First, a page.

Seagate and World Wildlife Fund Protect Panda Habitats in China

Seagate Surveillance HDDs will help monitor panda habitats in western China

Seagate is partnering with the World Wildlife Fund to protect pandas and their habitats in China’s western mountainous areas.

Under the partnership, Seagate and the WWF will monitor giant panda habitats in Shaanxi, Sichuan and Gansu provinces, using infrared cameras and Seagate Surveillance drives. The aim is to collect data and analyze it to help find factors threatening the animals’ well-being and then implement appropriate countermeasures.

“We are pleased to support the WWF in this important biological diversity protection project,” said Paul Qian, director of cloud and enterprise OEM business at Seagate in China.

100 infrared cameras, tied to Seagate SkyHawk surveillance HDDs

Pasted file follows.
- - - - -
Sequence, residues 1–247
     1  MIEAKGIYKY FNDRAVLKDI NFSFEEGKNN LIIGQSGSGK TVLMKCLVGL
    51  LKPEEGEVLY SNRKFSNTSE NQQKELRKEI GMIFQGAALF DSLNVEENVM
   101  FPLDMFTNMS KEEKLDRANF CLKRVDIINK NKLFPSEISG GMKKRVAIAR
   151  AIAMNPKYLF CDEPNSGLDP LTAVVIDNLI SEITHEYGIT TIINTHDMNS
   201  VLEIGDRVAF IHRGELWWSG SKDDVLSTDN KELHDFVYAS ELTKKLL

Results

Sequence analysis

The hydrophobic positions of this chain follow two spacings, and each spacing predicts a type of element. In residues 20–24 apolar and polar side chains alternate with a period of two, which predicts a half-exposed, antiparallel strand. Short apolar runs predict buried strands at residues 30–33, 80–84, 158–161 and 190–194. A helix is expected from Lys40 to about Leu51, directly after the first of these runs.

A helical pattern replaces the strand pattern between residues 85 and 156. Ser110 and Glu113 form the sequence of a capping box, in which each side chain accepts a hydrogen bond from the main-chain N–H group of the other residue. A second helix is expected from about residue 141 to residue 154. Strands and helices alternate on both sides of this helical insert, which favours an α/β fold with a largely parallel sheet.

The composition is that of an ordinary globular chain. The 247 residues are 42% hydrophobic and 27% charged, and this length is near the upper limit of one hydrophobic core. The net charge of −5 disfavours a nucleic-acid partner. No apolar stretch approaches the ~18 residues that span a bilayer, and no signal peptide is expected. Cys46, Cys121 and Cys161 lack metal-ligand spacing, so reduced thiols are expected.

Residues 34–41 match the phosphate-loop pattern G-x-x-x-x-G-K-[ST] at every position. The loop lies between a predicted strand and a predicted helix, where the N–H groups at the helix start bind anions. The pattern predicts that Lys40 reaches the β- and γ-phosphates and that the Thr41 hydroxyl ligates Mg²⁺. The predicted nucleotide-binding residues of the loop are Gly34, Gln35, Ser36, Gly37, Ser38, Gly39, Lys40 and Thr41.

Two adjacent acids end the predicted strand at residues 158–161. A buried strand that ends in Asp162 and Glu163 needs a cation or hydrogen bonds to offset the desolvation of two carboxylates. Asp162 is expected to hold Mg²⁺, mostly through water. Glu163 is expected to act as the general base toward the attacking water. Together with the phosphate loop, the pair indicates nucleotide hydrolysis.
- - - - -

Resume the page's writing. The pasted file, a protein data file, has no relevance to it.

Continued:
The project will use 100 infrared cameras. The technology is a fairly new approach in the monitoring of endangered species; the equipment is designed to work autonomously in the wild, under all kinds of weather conditions. Seagate’s SkyHawk surveillance HDDs are engineered for high-write workloads, operating around the clock.

“We welcome Seagate’s participation in panda conservation,” said Liu Xiaohai, executive director of programs for WWF China. “New partners bring new ideas and fresh perspectives to our work.”

1,864 wild pandas — up 17 percent over the last decade

Earlier this year, China announced the results of its fourth National Giant Panda Survey, which WWF supported with technical expertise. China now has an estimated 1,864 wild pandas, up 17 percent over the last decade. The government has established 67 panda nature reserves, a 27 percent increase since the last survey. Approximately 32 percent of pandas live outside those reserves, however, where they are threatened by major infrastructure projects that cause large-scale habitat loss for the animals.

The WWF works in 100 countries and is supported by close to 5 million members globally. WWF has been active in China since 1980, when it was invited by the government as the first NGO to work on nature-conservation projects. Seagate Chairman and CEO Steve Luczo also is a member of the WWF’s board of directors.

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